In his talk, David Holtzman of WashU noted that a new Dutch/MGH study reporting reduced CSF Aβ40 concentrations in cerebral amyloid angiopathy (CAA) provided yet another independent confirmation for the general idea that as amyloid deposits in the brain, in this case on blood vessels, it becomes trapped and Aβ concentrations in the CSF drop. CAA is a common cause of strokes (Verbeek et al., 2009).
An upcoming paper from the WashU group further tightens the connection between brain amyloid and CSF Aβ by analyzing CSF Aβ versus PIB and age in 189 cognitively normal people, Holtzman said (Fagan et al., in press). In this series, everyone whose brain binds PIB also has low CSF Aβ42, but the opposite is not true. Some people, especially the youngest participants between 45 and 55 years of age, already have low CSF Aβ42 but no PIB. The scientists interpret this to mean that brain amyloid deposition begins in a conformation that may initially be invisible to PIB. The subsequent drop in CSF Aβ42 would consequently be the earliest detectable biomarker at present. When the brain amyloid later becomes fibrillar, it binds PIB. “This is our impression so far, but we do not have proof yet,” said Holtzman. “We have to follow these cohorts longer to see in which order these markers come up.”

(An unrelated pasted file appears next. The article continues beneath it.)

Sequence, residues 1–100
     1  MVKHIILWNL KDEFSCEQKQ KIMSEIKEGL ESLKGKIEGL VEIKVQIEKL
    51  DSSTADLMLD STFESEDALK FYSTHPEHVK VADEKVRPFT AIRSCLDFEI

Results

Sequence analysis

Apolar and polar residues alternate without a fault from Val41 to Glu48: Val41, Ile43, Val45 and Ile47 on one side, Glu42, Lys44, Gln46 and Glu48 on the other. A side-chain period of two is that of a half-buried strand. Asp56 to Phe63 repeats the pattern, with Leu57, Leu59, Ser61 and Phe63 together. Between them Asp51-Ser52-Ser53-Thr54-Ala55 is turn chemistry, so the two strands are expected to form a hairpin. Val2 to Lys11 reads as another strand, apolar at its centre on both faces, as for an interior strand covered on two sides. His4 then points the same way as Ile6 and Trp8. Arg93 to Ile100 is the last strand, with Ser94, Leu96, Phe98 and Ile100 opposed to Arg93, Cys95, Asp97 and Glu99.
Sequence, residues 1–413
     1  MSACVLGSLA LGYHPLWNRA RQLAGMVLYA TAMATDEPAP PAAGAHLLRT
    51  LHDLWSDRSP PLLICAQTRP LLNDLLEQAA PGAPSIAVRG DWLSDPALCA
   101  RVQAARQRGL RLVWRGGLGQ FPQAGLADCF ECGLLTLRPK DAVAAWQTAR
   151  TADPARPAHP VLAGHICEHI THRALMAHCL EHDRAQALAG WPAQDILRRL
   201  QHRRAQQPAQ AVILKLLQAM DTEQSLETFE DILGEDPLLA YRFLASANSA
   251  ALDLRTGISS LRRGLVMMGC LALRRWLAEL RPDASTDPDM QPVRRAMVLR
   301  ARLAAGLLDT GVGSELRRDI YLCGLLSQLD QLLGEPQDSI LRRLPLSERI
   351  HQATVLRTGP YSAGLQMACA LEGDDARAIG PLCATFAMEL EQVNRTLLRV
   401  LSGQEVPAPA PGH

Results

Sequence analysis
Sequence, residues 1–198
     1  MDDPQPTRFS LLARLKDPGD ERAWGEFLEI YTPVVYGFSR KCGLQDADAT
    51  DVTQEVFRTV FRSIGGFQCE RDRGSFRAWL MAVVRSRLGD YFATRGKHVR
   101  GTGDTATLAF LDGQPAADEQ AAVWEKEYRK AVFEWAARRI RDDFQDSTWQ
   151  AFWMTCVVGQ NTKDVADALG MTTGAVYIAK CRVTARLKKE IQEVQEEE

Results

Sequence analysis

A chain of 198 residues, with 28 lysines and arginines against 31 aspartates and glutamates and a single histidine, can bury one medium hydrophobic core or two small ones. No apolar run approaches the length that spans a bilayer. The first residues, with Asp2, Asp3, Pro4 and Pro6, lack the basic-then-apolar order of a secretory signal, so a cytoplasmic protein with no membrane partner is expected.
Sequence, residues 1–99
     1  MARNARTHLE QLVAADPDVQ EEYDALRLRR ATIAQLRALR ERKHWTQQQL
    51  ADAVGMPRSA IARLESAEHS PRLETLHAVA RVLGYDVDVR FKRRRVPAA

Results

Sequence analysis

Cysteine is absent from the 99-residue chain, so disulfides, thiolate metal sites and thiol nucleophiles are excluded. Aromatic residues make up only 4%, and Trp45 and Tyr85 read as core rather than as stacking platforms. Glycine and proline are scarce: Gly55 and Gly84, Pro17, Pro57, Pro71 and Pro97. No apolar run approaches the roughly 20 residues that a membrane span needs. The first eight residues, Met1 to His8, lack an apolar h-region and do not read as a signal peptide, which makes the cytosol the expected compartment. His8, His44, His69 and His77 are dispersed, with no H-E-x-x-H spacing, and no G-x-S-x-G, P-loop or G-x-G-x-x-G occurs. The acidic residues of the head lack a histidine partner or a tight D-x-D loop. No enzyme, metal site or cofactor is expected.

The same paper also contains more data connecting the CSF combination of high tau/low Aβ42 with brain amyloid, in essence predicting that this CSF signature reflects ongoing neurodegeneration and will predict onset of symptoms in the next three to five years. Building on a smaller previous study, this finding extends into cognitively normal people in a widely cited study from Kaj Blennow’s group three years ago, in which virtually everyone with this CSF signature among a large cohort of MCI patients converted to AD within five years (Hansson et al., 2006). In this study and an independent recent one, these biomarkers predicted not only whether people would develop AD, but also how fast their cognitive decline would progress (Snider et al., 2009).